How Will This Recession Be Different?

illustration of coronavirus layoffs

Marta Lachowska and Stephen A. Woodbury

May 15, 2020

Gregory Mankiw of Harvard has said the recession that will certainly result from the COVID-19 pandemic differs from past recessions because it is “recession by design,” rather than “recession by accident.”

To labor economists, the incipient recession differs in another way as well: most of the astonishing surge in unemployment reflected in the May 8 jobs report from the Bureau of Labor Statistics comes from an increase in workers on temporary layoff—workers who expect to be recalled to their previous employer—rather than permanent job losers.

Nearly 80 percent of unemployed workers in April reported being on temporary layoff, by far the highest percentage on record. Since 1966, the percentage on temporary layoff has never before exceeded 25 percent (see Figure 1). The previous records—in the range of 22–24 percent—were set during the recession of 1975 and the double-dip recession of 1980–1982. These were also the last two recessions to be followed by relatively quick recoveries.

Figure 1: Job Losers on Temporary Layoff as a Percent of Total Unemployment

Figure 1

SOURCE: U.S. Bureau of Labor Statistics, Current Population Survey, Series LNS13023654, retrieved from the Federal Reserve Bank of St. Louis (FRED), https://fred.stlouisfed.org/series/LNS13023654.

Figure 2 illustrates the changes in the labor market between February and April. The numbers of individuals employed, unemployed, and not in the labor force are illustrated by colored areas drawn roughly to scale (see the note below the figure). The sum of the yellow area and the yellow-and-pink shaded area above it represent unemployment in April. Although the number of unemployed workers increased nearly fourfold, the great majority of those workers believe they will be recalled to their previous employer.

Figure 2: Individuals Employed, Unemployed, and Not in the Labor Force, February and April 2020

Figure 2: Individuals Employed, unemployed and not in labor force

NOTE: The figure illustrates the division of the civilian noninstitutional population into employment (the pink area), unemployment (yellow), and labor force nonparticipation (blue). The pink-and-yellow shaded area shows the increase in unemployment, and the pink-and-blue shaded area shows the increase in nonparticipation, between February and April. For example, in February, 5.8 million were unemployed (the solid yellow area), whereas in April, 23.1 million were unemployed (the solid yellow area plus the area shaded pink and yellow).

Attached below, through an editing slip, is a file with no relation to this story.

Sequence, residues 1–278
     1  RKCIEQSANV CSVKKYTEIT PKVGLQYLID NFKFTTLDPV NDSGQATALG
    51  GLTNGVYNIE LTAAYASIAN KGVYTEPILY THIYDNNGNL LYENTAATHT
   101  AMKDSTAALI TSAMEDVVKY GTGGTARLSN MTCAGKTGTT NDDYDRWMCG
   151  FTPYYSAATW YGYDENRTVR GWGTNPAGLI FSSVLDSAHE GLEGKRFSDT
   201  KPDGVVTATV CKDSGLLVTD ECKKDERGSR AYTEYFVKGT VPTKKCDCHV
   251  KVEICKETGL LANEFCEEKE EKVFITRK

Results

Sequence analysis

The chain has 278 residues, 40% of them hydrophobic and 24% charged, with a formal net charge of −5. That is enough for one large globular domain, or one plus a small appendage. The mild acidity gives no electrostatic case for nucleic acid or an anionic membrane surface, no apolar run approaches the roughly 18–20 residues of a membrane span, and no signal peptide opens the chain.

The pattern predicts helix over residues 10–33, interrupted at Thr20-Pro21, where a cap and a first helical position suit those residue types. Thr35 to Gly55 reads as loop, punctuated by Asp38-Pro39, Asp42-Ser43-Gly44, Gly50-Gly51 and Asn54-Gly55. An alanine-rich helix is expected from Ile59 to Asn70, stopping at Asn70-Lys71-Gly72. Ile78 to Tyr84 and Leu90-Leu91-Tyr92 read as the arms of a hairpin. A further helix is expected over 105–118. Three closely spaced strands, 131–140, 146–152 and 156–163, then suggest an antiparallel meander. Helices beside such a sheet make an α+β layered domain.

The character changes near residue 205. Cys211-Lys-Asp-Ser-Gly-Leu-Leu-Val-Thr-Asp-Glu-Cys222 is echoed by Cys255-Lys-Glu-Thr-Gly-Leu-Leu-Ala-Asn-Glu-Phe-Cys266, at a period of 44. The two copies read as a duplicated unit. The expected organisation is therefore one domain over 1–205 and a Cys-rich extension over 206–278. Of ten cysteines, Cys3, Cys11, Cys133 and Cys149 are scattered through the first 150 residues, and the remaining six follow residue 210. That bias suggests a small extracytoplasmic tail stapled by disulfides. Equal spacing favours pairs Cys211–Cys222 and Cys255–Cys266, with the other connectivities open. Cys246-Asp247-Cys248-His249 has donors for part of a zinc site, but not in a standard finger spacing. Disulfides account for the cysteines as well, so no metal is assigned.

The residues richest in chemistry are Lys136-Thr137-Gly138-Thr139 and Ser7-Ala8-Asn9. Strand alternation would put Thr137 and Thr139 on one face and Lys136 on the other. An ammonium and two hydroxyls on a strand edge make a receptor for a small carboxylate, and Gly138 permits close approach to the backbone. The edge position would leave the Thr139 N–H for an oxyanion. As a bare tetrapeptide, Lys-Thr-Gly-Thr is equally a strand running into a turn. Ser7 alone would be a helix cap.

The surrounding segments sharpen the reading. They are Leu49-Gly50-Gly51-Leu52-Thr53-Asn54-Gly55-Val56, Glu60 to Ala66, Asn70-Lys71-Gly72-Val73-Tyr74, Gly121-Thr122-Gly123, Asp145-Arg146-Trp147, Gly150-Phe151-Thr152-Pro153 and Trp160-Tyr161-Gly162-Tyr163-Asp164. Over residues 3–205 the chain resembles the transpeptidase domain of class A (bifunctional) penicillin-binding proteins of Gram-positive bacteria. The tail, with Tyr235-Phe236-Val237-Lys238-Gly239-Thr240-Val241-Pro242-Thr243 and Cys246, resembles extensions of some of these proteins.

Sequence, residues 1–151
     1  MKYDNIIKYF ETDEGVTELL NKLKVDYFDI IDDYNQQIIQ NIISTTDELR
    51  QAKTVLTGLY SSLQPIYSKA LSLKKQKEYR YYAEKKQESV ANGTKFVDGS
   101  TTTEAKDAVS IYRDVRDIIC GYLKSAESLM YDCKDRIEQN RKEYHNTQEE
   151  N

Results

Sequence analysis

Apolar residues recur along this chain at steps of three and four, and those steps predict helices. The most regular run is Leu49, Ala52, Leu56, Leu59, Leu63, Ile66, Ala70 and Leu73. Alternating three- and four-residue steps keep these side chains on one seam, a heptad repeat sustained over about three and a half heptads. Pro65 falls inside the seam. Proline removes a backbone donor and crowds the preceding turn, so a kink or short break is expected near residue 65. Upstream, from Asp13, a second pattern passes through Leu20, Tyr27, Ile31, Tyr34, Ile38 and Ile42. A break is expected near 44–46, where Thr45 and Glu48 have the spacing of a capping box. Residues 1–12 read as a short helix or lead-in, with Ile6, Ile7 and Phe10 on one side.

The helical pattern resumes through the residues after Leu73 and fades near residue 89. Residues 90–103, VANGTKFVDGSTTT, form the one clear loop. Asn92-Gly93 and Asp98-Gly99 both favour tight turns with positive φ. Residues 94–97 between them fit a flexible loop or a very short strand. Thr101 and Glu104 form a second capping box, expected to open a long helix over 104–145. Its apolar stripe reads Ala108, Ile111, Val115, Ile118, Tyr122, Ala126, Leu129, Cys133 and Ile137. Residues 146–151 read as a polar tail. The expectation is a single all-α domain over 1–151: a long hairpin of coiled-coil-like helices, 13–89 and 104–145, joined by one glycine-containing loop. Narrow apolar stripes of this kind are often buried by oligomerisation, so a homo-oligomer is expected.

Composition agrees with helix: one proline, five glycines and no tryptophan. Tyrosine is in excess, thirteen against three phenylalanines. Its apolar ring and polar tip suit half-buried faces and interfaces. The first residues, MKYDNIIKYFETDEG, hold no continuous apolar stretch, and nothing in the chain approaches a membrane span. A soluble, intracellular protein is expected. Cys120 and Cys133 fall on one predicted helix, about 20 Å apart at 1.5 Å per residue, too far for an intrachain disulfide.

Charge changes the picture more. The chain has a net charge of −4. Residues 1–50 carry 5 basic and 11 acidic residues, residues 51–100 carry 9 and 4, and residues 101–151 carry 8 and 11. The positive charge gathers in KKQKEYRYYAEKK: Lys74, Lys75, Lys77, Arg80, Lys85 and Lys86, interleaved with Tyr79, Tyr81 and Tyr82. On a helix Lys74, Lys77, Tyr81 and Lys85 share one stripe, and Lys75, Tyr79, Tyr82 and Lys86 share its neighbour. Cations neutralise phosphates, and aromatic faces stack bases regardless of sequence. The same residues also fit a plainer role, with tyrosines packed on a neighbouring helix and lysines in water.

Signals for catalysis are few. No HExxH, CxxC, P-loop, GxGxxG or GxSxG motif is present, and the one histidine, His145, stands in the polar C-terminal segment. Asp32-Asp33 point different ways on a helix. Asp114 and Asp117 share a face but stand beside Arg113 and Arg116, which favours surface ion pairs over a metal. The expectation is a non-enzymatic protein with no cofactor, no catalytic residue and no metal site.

SOURCE: The authors, based on Bureau of Labor Statistics, “The Employment Situation — April 2020” (Washington, DC: U.S. Department of Labor, May 8, 2020), https://www.bls.gov/news.release/pdf/empsit.pdf.

Workers’ expectations about recall to their previous employer are not always realized, and many of the job losses that appear temporary now will become permanent later. Many employers will not survive the recession, and the circumstances that caused the pandemic will lead to long-term changes in labor demand as industries like leisure and hospitality, transportation, and transportation equipment contract, as information and technology expand at an accelerated pace, and as manufacturers rethink the globalization of their supply chains.   

How many of the 18 million workers on temporary layoff will in time return to their previous employers? We have never seen a situation remotely similar to this one, so it is impossible to know. But appropriate policy measures could raise the odds that these workers are recalled.

Katharine Abraham and our colleague Susan Houseman have recently pointed to work-sharing unemployment insurance (also known as short-time compensation) as a way to help employers recall their workers at reduced cost while demand recovers. Recent empirical evidence suggests that work-sharing in Switzerland during the Great Recession prevented permanent layoffs, helped firms that would otherwise have gone bankrupt to survive, and in effect “saved jobs.” The current situation, in which many firms are struggling but expect to recall their experienced workers after a relatively short period of slack demand, seems well suited to effective work-sharing.

It would be foolish to suggest that the labor market will return to health in two or three months. The lockdowns have caused shocks to both supply of and demand for goods and services that will reverberate for the rest of the year, and possibly longer. But the historically high percentage of unemployed workers who appear to remain attached to an employer offers some support for the view that this recession may be relatively short-lived.

Experts

Marta Lachowska headshot

Marta Lachowska

Senior Economist
Stephen A. Woodbury headshot

Stephen A. Woodbury

Senior Economist